The violence deep in a South American jungle that ended Saturday with the slaughter of hundreds was not an isolated event, but the bloody climax to a history of threats and terror swirling around the Peoples Temple and its charismatic leader, the Rev. Jim Jones.
The regilious group's tactics of persuasion ranged from mass letter-writing campaigns and anonymous, late-night telephone calls to reporters and editors warning of unspecified consequences that would follow unwanted publicity, to ritual beatings of members and goon squads dispatched to harrass any who sought to leave the fold.
But what began with a few letters to San Francisco publications, and other tactics of intimidation, ended with apparent mass suicide-murders in the Guyanese jungle and an FBI investigation ito a reported Peoples Templa pla to kidnap high U.S. government officials in case Jones was arrested in Guyana.
The alleged kidnap plot, revealed to FBI agents Sunday by a number of current and former temple members, apparently was a contingency plan that was never implemented.
"The allegations are not garbage," Charles R. McKinnon, special agent in charge of San Francisco's FBI office, said when asked what credibility he gave the reports. "The information we have is reliable. Whether we'll be able to prove it in court is another matter."
Such threats to his constituents led Rep. Leo Ryan, (D-Calif) a 53 year old California Democrae, to travel to the Peoples Temple jungle agricultural settlement in Gauyana to investigate whether Americans were being heft against their will. Ryan himself had been threatened.
In fact, the congressman, who was killed for his search, received a telegram from Gualana that was "openly hostile" to visit, said Dan Cook, a congressional investigator and cloe personal friend of Ryan's but an unfriendly letter from Peoples Temple Attorney Mary Lane prior to the warning of trip. Ryan went anyway.
"He knew he would not be welcome with open arms, but he certainly didn't expect such a senseless thing as this," Cook said.
Jones, a flamboyant leader who often harped on fears of harrassment of his church by unnamed enemies, went so far as to arrange phony assassination attempts on his own life, say cult members. A speech by Jones would be interrupted by the crack of gunfire and he would announce that people were trying to kill him.
"Paranoid" is the term some former members use to describe the man who use ritual spankings and "boxing matchess to discipline followers. Reports reached the United States of an elderly woman being knocked unconscious at one such session in the jungle commune. Jones also exhorted cult members to spy on one another, former members claim.
It was the practice of the 46 year old leader to pay visits to would-be critics with his attorney, a public relations man and a large, imposing squad of bodyguards.They would be wearing dark-blue suits and sunglasses.
It was just such a "goon squad" that visited th e offices of New West magazine as it was preparing an article critical of Jones and Peoples Temple for publication in August 1977.
"They threatened us with libel suits if we printed the story," said New West executive editor Rosalie Wright in a telephone interview yesterday. The article described faked faith healings by Jones, members being forced to turn over their property to the church, ritual beatings, shady financial maneuverings and a creed that required total obedience to Jones.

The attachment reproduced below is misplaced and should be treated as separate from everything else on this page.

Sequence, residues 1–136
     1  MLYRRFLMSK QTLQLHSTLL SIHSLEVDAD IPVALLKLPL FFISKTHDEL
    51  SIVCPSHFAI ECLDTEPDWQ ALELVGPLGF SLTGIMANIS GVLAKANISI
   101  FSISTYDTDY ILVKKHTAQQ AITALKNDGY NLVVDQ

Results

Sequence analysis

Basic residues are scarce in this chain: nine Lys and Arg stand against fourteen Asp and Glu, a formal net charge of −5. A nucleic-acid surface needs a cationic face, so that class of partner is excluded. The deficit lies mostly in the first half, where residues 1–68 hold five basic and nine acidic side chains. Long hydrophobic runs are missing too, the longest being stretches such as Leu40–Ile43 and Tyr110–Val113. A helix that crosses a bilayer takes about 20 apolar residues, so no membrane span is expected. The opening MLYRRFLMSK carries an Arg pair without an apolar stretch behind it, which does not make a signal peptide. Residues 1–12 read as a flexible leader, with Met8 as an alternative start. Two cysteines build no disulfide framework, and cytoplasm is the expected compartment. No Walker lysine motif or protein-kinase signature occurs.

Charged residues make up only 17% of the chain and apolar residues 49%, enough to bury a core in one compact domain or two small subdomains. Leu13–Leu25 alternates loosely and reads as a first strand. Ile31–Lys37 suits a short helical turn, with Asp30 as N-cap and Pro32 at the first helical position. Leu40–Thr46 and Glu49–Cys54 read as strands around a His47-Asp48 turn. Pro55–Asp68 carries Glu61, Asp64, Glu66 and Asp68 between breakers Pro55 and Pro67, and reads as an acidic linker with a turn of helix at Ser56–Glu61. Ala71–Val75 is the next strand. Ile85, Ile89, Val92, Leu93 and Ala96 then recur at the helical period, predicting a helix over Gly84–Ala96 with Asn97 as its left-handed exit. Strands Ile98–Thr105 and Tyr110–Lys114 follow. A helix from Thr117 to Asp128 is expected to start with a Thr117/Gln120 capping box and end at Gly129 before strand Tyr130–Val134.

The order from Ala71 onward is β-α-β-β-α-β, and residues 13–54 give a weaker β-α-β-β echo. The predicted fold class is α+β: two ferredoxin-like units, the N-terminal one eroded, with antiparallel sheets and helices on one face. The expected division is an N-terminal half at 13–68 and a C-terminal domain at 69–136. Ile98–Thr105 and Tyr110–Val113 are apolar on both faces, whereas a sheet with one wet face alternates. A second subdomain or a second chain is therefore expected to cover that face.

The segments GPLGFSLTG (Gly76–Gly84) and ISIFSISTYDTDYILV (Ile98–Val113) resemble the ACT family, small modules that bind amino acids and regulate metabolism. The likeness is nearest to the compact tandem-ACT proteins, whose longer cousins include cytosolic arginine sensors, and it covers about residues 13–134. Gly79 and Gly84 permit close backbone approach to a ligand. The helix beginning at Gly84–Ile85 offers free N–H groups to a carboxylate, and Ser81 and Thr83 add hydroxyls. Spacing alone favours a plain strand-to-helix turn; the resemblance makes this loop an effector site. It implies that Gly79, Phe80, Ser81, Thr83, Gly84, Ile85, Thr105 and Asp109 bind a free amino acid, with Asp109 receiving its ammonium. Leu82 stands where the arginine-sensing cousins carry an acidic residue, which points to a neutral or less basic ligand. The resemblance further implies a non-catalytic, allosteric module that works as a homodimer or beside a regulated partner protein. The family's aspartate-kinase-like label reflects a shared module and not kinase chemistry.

Former members of the cult were quoted in the article as saying that members had been intimidated into signing powers of attorney to Peoples Temple and signing false confessions to such crimes as child molestation, as ways of preventing them from defecting.
No suit was filed against the magazine by the cult, but Wright said she received midnight phone calls warning her not to publish the article.
Members of the cult were exhorted to deluge New West and other publications critical of their leader with hundreds of letters. Before the article appeared, calls jammed New West switchboards in San Francisco and Los Angeles, said Wright, who moved from her house and sent her children into hiding.
Such tactics had succeeded in having the article killed by a former editor, and had intimidated San Francisco Chronicle reporter Julie Smith to the point that she turned her profile of Jones into "a goddamn valentine," she says.
"It was so distressing," Smith said at the time. "Just this vast thing coming at you. All the letters, all the phone calls, all this murmuring from people in high places. What happened in my case was that I ended up being completely ineffectual."
Under prodding from Jones, businessmen, civil leaders and politicians weighed in to emphasize the free meals and community programs that the Peoples Temple brought into the largely black Fillmore District. It was an impressive show of force.
Letters urging another look at Jones poured into the San Francisco Examiner after the newspaper published an article delving into Jones' activities, and the paper received threats of demonstrations by members of the cult. The life of the paper's editior and publisher, Reg Murphy, who had been kidnaped several years ago and held for $700,000 ransom by a right-wing terrorist, was threatened again yesterday, said a source close to the paper. The threat was believed to be from someone connected with Jones' group.
Mysterious visitors, assaults in her home and threats against her family have also haunted free-lance reporter Kathy Hunter of Ukiah, Calif., since she returned from a futile attempt to interview Jones in Guyana.
Her trip last May turned into a nightmare when fires broke out in adjoining rooms of her quarters. Upon returning home, she was confronted by three men in her living room and warned not to write anything more about Peoples Temple.